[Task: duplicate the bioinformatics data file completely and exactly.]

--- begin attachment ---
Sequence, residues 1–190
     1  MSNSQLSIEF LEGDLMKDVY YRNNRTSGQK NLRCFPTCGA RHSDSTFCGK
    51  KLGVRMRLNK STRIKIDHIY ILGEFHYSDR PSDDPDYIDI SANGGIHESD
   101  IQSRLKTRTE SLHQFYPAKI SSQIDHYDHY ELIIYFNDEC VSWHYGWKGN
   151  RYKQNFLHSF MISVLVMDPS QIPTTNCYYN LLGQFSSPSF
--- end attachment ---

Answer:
Sequence, residues 1–190
     1  MSNSQLSIEF LEGDLMKDVY YRNNRTSGQK NLRCFPTCGA RHSDSTFCGK
    51  KLGVRMRLNK STRIKIDHIY ILGEFHYSDR PSDDPDYIDI SANGGIHESD
   101  IQSRLKTRTE SLHQFYPAKI SSQIDHYDHY ELIIYFNDEC VSWHYGWKGN
   151  RYKQNFLHSF MISVLVMDPS QIPTTNCYYN LLGQFSSPSF